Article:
Bischoff: Most of the PHAs we work with know that inspection delays are worrisome for landlords. To help alleviate those concerns, PHAs prioritize inspections and understand the importance of communication to reduce lease-up times.

PHAs also leverage technology to promote communication between tenants, landlords and inspectors. For example, Yardi Maintenance IQ enables SMS (texting) and email communication between inspectors, tenants and landlords. An inspector can send recurring reminders to tenants and landlords to reduce no-show appointments and promote efficiency in the inspection process. Landlords also maintain their relationship with a housing authority through the Yardi RentCafe Landlord Portal, where they can communicate, share files and see detailed inspections results in real-time.

What does a unit inspection typically look for?

Bischoff: In short, HUD’s Housing Quality Standards (HQS) are clear and consistent – they look for adequate living space, sanitary conditions to prepare food, a healthy amount of light, ventilation and temperature control. An inspector does have to come out to verify these conditions, but what they are looking for is not over the top. PHAs can usually get this work done in a matter of hours. If no major repairs are required, it’s unlikely that a landlord would be missing any significant number of rental days just because of a required inspection. Yardi is in regular communication with HUD about NSPIRE (National Standards for the Physical Inspection of Real Estate), and will support it as soon as the protocol is finalized by HUD.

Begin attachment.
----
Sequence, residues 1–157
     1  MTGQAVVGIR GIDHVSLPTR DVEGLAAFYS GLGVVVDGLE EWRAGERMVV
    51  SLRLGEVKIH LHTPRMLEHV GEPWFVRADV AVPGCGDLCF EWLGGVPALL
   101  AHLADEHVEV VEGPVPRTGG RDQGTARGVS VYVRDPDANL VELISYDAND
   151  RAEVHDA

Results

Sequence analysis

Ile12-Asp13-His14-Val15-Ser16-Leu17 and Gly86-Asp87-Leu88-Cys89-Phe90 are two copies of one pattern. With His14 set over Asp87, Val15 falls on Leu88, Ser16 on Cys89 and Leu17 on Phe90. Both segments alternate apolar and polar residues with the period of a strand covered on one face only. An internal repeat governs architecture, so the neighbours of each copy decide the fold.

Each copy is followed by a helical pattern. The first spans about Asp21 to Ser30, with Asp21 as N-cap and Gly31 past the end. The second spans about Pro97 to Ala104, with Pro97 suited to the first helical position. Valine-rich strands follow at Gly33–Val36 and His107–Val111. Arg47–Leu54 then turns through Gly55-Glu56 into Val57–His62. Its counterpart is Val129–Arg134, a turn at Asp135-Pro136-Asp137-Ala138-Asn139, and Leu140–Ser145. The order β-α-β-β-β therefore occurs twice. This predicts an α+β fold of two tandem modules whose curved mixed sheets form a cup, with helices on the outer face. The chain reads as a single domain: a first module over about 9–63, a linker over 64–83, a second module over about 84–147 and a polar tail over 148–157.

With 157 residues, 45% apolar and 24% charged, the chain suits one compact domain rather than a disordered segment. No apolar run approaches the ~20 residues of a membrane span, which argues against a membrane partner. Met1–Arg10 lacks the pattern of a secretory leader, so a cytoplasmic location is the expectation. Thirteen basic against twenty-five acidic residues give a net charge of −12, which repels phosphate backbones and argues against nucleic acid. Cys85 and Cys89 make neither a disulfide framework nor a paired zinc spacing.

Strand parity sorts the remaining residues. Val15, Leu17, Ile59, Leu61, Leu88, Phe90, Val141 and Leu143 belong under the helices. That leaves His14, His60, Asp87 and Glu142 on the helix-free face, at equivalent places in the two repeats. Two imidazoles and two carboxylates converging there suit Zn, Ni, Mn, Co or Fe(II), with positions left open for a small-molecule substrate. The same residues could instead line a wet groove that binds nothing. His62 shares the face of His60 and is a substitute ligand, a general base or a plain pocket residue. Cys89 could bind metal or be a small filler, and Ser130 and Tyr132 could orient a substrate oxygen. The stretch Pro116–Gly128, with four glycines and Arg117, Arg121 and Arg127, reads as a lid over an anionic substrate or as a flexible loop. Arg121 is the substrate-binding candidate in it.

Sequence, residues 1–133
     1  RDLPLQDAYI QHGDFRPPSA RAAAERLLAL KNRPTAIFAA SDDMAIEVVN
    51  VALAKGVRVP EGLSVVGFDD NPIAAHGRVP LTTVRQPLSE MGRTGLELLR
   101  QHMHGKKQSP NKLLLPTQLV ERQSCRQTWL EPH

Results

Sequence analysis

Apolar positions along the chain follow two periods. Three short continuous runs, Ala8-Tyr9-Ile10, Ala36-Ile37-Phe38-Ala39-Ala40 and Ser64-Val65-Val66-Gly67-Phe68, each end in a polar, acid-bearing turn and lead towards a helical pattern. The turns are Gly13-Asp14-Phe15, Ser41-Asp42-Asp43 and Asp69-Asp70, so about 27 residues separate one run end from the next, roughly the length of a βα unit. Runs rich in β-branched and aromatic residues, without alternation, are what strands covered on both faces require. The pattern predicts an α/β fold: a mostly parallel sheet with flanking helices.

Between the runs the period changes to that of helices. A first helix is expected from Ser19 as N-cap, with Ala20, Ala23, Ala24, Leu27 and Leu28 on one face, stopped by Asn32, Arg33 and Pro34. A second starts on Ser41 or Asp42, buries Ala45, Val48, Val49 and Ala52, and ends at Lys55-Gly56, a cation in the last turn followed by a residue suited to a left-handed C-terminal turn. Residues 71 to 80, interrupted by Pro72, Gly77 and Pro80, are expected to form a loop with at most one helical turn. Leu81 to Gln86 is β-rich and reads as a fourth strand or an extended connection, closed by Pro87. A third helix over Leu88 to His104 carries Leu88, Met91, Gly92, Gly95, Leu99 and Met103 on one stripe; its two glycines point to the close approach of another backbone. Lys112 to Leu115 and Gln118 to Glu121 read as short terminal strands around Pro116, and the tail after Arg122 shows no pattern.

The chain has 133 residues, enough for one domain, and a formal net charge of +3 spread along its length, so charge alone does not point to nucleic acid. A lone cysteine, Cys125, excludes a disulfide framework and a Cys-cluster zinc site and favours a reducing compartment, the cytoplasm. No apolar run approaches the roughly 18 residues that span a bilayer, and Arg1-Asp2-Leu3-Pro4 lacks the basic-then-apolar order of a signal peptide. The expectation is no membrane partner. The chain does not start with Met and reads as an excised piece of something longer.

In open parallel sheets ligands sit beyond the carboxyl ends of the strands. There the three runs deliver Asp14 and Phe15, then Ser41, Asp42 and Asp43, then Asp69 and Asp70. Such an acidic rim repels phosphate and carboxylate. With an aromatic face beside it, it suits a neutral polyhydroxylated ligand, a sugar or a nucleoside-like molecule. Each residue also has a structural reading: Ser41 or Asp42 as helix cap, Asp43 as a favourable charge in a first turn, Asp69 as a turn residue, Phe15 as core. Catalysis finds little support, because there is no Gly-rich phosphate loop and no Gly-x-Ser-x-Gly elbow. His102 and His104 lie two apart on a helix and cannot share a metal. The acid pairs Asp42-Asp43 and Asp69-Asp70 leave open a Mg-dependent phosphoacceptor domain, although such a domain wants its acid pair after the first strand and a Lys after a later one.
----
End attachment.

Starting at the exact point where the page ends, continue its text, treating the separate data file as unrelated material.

What are some ways PHAs can increase landlord participation in the HCV program?

Bischoff: Certain PHAs provide incentives to landlords who begin to accept HCVs. The Housing Authority of the City of Santa Barbara is a great example. HACSB’s incentive list for newly signed landlords includes:

  • Signing bonus for new landlords leasing up a Section 8 participant with a City issued voucher
  • Available unit damage protection
  • Referral bonus to the person referring a new landlord to the program
  • Guaranteed prompt payment of the Housing Authority’s portion of rent
  • Dedicated staff to answer landlord questions

Another example is Marin County, Calif., where financial incentives such as vacancy loss protection and assistance with security deposits mitigate financial risks for landlords renting to households with an HCV. The Marin County Board of Supervisors found that those types of incentives raised the rate of HCV acceptance by more than 22% over the course of three years.